And both teams have star power: The Lakers’ big three of Kobe Bryant, Pau Gasol and Lamar Odom going against Boston’s high-profile trio of Kevin Garnett, Paul Pierce and Ray Allen.
“It’s not about what we built,” Johnson said. “It’s about now. These teams will create their own rivalry.”
Prices, ratings are up
Numbers across the board document the appeal:
* Tickets: According to StubHub, the average resale price for the Finals is $772 in Los Angeles and $547 in Boston. In last year’s championship series, between the Cleveland Cavaliers and the San Antonio Spurs, the average was $366 in Cleveland, $311 in San Antonio. (Face value for the most expensive seat at Staples Center for the Boston series is just under $4,000.)
* Television: ESPN had a 3.3 rating for the postseason, a 38% increase over last year’s 2.4. ABC, which will telecast the Finals, has had a 3.7 rating, up 28% over last year.
Though television executives won’t predict blockbuster ratings for the Finals, a historic perspective certainly gives them hope. The rating for last year’s Finals between the Spurs and the Cavaliers was a record-low 6.2, according to the NBA. It has been four years since the rating was in double figures. That was in 2004, the last time the Lakers reached the Finals. Their series against the Pistons got an 11.5 rating. In each of the three championship seasons by the Lakers at the start of this decade, the ratings reached double figures.
* Merchandise: Since the start of the playoffs, business is up 80% for the league’s online outlet and 15% at the NBA’s merchandise store in Manhattan.
Locally at the Team L.A. merchandise shops, foot traffic at the Universal CityWalk outlet is up 400% to 500% this month with 1,200 to 1,400 customers a day, according to Sean Ryan, merchandising vice president for AEG. At the Staples Center store, it’s up 300%, drawing an average of 800 to 1,000 visitors. Last Saturday at Staples Center, a non-game day but the day after the Celtics qualified to join the Lakers in the Finals, roughly 2,000 people went through the store.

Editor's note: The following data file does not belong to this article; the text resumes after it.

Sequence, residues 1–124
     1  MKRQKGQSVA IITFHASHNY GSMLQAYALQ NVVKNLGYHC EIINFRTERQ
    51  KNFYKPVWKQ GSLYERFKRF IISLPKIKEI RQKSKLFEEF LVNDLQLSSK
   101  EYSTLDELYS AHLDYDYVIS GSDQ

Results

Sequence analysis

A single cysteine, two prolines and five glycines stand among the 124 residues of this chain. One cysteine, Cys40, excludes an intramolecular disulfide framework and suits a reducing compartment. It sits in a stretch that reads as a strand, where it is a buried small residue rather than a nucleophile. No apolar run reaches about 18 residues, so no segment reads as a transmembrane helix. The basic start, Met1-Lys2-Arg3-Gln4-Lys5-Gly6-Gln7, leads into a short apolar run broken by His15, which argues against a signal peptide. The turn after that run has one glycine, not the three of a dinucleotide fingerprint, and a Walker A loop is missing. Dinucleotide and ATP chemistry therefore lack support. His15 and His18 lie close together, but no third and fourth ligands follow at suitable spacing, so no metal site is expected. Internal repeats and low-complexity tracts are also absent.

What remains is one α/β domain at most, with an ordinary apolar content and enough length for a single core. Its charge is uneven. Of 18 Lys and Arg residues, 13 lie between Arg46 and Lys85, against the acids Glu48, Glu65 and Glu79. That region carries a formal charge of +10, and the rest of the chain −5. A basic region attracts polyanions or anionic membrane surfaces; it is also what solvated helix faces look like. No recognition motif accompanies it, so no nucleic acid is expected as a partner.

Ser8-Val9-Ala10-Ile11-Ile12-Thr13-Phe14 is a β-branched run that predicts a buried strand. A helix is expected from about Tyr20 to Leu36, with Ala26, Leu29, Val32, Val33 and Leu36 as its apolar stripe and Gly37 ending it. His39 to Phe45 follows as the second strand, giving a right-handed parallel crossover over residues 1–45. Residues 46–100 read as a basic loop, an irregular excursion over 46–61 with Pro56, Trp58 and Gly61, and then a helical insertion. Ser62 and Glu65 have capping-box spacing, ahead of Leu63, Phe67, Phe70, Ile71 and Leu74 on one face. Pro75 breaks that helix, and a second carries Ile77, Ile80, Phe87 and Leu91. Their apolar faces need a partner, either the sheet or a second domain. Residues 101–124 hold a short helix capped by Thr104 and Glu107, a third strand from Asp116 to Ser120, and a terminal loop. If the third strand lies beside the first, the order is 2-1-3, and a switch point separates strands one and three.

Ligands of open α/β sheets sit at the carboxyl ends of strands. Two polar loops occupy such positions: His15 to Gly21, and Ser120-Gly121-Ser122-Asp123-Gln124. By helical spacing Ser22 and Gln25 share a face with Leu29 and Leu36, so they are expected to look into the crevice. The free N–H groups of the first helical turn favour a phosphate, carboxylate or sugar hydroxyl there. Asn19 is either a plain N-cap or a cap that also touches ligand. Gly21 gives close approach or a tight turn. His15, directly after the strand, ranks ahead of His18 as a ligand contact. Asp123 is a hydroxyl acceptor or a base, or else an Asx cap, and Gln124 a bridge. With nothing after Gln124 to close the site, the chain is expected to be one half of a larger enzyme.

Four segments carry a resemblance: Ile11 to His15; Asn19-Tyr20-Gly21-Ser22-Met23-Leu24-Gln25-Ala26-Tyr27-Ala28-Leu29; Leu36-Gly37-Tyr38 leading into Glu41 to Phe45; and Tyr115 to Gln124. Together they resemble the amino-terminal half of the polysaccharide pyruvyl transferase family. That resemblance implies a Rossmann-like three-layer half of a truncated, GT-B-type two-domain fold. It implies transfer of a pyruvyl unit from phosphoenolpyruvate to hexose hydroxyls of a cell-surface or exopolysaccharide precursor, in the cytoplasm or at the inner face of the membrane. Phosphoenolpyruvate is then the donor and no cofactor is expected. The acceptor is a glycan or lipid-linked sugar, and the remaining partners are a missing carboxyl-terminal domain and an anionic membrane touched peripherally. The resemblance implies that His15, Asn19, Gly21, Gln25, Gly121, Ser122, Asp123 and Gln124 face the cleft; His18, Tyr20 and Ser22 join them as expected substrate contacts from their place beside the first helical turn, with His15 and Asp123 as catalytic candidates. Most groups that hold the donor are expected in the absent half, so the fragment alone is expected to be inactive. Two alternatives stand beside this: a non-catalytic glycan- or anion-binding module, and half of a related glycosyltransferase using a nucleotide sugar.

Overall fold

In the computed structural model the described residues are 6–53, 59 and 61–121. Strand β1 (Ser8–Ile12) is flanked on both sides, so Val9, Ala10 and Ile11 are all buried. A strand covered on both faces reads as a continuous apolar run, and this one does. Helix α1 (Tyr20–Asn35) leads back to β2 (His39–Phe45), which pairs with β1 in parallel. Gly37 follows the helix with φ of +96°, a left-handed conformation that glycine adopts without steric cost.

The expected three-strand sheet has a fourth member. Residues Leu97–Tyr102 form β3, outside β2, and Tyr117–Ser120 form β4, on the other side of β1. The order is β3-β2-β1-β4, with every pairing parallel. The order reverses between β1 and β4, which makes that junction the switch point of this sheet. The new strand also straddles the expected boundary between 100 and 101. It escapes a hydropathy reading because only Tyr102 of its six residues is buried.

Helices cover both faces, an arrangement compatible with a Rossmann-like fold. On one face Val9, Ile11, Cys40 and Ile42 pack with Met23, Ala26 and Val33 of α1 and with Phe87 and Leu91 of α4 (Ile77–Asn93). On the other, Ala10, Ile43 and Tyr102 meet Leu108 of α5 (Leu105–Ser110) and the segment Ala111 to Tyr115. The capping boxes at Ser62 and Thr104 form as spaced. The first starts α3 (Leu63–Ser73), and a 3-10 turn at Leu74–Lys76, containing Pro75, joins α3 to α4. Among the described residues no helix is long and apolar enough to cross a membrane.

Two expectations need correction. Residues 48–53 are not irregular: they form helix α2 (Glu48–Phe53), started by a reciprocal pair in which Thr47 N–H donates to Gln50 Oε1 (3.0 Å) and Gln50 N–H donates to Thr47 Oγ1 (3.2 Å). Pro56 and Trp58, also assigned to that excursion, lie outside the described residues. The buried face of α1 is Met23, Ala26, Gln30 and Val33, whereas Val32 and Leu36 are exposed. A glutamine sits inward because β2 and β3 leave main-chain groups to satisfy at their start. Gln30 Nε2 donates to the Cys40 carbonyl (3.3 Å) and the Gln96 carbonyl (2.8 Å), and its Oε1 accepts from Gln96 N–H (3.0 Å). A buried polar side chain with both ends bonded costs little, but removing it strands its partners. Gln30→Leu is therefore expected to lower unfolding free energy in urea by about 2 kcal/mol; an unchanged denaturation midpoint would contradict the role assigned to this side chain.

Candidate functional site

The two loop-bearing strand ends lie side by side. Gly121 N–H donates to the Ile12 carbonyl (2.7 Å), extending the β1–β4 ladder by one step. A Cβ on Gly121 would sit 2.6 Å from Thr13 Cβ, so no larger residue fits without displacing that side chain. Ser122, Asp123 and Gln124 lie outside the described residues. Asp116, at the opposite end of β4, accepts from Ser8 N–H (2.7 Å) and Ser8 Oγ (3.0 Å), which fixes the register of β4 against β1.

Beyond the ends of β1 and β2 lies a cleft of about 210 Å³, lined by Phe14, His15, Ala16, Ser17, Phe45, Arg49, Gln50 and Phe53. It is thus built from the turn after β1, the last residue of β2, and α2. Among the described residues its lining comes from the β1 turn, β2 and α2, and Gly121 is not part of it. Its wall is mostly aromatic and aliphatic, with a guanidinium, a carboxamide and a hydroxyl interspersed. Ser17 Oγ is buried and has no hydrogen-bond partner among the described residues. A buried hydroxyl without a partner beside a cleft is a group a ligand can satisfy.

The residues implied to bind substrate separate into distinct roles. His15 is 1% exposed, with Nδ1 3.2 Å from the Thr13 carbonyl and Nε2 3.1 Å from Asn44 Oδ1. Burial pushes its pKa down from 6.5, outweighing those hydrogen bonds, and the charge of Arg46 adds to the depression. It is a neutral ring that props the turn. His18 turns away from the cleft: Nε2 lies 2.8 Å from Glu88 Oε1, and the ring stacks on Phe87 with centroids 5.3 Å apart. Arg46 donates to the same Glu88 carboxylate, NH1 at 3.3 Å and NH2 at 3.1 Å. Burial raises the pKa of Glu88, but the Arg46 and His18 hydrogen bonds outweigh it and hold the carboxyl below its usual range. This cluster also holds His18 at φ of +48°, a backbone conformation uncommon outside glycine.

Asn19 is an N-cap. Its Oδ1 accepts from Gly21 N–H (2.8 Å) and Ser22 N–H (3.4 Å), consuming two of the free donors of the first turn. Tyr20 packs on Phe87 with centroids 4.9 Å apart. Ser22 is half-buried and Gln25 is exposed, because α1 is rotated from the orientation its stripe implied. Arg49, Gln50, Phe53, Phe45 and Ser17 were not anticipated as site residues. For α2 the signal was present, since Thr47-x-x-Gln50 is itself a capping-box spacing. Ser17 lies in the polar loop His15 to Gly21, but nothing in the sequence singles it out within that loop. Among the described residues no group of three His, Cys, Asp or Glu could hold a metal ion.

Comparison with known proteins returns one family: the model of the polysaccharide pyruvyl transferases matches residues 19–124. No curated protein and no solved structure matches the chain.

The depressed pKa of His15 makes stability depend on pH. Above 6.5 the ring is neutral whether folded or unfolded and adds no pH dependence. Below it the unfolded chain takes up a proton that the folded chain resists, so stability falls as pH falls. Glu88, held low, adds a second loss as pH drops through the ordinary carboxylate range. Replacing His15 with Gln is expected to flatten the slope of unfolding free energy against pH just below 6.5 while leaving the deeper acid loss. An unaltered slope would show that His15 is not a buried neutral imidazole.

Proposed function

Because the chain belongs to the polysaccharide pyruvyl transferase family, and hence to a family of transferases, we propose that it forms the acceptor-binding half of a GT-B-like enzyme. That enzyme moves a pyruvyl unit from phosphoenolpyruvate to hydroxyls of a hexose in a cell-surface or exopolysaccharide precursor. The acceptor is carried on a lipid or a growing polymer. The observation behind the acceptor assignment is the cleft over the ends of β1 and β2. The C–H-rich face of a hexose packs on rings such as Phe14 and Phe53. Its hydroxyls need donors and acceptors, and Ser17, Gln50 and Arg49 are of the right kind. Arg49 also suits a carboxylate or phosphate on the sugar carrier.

“Our total in May equals the total for the last four months,” Ryan said.
Among the items being offered for the Finals is a leather jacket featuring both the Lakers and Celtics that sells for $1,500. Ryan said he has ordered several dozen.
* Online: The NBA’s official website has attracted 1.2 billion visits this season, up 60% from a year ago.
“The Finals are the icing on the cake,” said Steve Grimes, who heads the league’s online operation. “In the past, the traffic would go down as the playoffs proceed and teams are eliminated, but we haven’t seen that this year.”
Yes, it’s big, but, at least in Boston, people shouldn’t get carried away, said longtime Boston Globe columnist Bob Ryan. It’s not as if it’s baseball’s Red Sox or football’s Patriots, neither of whom had won championships during the previous seasons of this rivalry.
“The Red Sox are No. 1 in this town and the Patriots are 1A,” Ryan said.
“This Celtic team has at least put itself in the discussion, earned itself a seat at the table, but it is clearly No. 3. It’s not the same as it was in the ‘80s. It doesn’t have quite the same sizzle. Thank goodness it’s the Lakers they are playing. If not, you would have to cut back everything that’s going on by 20%.”
In other words, don’t look for anyone in Boston to pay $27,000 for a seat.